Builders of the City – 1921

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May 28, 1921

The announcement that the city government plans to excavate the Morro do Castelo to make an artificial inlet in Glória provoked a wave of protests, as violent as the undertow, the irreconcilable enemy of the wonderful Beira Mar. The city ordinance to earmark a violently conquered space to the Guanabara Bay was of no use as a mitigating crime of counter-aesthetics : an idea that seemed extravagant in a city that possesses a backdrop of forests and mountains, a huge natural park in comparison to the panoramas of the man-made gardens that are deplorably modest. A city friend, more exalted by anger in the face of a sacrilegious attempt, reduced his indignation to a rigorous maxim, exclaiming: Na bahia não se toca! (One doesn’t mess with the Bay!)

What weighs on a friend of the Guanabara Bay, the truth is that Rio de Janeiro wouldn’t exist if the prohibition of messing with it were a law since the times of Mem de Sá. One can say that the entire lower part of Brazil’s capital is an achievement of our ancestors over mangroves, grottos, swamps, lakes and marshes that covered, 400 years ago, the city where automobiles pass by today.

When the third governor of Brazil, anchoring in the bay in January of 1567, disembarked in the fortified village that the heroic Estácio, his nephew, built between the cliffs of Sugarloaf and the São João hill, he soon thought the hostile cradle and future capital of Brazil should be transported in the laps of the warriors to the hill, initially denominated as São Sebastião, which would be its throne, capital and reliquary for thee and a half centuries.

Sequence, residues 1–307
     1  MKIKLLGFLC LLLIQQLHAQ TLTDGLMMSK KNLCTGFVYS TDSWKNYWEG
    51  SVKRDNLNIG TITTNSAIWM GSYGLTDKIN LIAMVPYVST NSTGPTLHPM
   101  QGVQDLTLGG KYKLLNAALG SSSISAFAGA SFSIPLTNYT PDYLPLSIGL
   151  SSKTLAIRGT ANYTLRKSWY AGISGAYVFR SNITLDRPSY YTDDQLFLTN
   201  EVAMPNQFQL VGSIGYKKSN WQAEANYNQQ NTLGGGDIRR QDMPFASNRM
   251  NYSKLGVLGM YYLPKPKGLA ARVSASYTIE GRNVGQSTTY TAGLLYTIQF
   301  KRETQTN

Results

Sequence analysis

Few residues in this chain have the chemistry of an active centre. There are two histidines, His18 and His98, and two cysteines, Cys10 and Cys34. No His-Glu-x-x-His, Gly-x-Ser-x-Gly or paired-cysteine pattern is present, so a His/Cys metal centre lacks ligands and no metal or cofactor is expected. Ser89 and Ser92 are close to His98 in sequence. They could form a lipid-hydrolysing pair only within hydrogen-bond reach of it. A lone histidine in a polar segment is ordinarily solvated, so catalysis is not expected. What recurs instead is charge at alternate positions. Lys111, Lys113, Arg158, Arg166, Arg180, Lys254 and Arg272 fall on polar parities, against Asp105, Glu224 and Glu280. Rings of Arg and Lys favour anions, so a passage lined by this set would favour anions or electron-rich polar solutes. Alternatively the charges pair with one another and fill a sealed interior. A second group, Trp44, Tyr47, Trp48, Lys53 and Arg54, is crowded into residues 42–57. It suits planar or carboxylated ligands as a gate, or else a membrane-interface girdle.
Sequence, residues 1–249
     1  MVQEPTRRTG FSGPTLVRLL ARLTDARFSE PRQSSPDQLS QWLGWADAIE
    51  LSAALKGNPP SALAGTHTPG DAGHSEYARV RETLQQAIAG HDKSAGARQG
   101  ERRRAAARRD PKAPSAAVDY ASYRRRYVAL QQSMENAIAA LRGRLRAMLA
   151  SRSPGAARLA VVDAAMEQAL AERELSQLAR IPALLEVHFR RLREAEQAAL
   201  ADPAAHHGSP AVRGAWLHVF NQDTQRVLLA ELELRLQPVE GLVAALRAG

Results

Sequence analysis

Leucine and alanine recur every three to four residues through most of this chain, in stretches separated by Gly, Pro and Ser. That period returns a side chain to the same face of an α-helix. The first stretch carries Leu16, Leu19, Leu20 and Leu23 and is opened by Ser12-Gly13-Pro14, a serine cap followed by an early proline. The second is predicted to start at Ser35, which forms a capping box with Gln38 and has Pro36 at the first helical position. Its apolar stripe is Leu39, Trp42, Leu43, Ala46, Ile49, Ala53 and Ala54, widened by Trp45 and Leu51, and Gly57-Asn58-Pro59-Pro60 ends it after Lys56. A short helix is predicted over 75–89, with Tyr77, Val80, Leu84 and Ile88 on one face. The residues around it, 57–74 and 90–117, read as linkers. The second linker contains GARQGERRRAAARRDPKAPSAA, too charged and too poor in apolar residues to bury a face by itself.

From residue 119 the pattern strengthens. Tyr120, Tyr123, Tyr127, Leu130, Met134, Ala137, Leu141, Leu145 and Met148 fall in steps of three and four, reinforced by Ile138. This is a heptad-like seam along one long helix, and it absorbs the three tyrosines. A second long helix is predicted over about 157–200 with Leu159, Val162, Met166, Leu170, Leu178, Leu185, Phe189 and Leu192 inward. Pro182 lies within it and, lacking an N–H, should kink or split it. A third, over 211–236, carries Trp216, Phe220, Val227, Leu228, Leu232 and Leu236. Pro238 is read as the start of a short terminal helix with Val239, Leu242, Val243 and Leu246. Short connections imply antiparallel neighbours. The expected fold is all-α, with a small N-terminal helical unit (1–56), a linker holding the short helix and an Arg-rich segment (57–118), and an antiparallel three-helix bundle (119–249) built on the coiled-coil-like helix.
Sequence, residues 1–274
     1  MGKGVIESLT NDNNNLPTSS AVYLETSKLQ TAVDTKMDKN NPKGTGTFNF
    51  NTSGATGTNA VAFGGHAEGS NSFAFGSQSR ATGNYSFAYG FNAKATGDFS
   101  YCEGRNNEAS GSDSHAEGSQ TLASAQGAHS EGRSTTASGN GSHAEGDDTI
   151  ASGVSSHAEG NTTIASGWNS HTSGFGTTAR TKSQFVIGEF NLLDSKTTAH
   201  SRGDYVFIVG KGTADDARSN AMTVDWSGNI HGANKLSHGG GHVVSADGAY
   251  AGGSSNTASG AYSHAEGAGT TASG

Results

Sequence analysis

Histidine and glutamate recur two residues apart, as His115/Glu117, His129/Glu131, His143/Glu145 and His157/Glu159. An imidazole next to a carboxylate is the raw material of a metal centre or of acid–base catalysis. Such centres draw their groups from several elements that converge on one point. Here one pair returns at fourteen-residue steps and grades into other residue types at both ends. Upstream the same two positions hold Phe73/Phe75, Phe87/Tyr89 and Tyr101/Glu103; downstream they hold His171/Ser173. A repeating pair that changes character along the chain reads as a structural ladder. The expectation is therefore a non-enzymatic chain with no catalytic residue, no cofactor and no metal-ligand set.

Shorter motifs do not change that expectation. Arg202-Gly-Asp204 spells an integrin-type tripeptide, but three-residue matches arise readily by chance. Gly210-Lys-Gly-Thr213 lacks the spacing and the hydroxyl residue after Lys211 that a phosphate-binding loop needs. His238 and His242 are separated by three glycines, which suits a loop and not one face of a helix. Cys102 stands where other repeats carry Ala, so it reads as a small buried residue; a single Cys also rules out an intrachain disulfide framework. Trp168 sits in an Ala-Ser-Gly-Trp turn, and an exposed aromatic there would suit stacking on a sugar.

On the hill overlooking the Coligny fort, the bronze cannons, transported from the ships to the barbarian seafront, stucco fort, dominated the valleys and commanded the bay.

After his valiant nephew was buried, Mem de Sá started the construction of the city at the Piasaba port, near the Santiago stronghold, where the Misericordia church is today. Via the hill’s slope, the first steep and venerable street of the city of S. Sebastião began.

From the top, the navy, the soldiers and the indians, allies of Ararygboia, dug the fort’s canals, from parochial [], from the residence of the Government and the Parliament, walling the citadel with strong [pelissadas?].

Soon, however, the population felt that the mountain was small for them. Protected by the fort, they started going down the mountain side. Then man’s fight with the water started. At the foot of the hill, an extensive water-filled valley stretched out, which had to be dried out and landfilled. The colonizers and populators had to conquer, palm tree to palm tree, the lands of Rio de Janeiro. There still weren’t any aesthetic champions to defend Guanabara from the sacrilege of the landfills. From a salt water marsh, the inhabitants of S. Sebastião made a city. It was on the first conquered lands near the water that the streets and the maze of alleyways of Misericórdia aligned themselves – currently being demolished – and later Direita do Paço and do Cotovello streets. These formidable ancestors, who didn’t have dredgers nor automotive vehicles to excavate, managed to build, at the spot where they found mud and grottos, the Carmo convent and the S. José church.

They made a nation so that we today could create nationalism.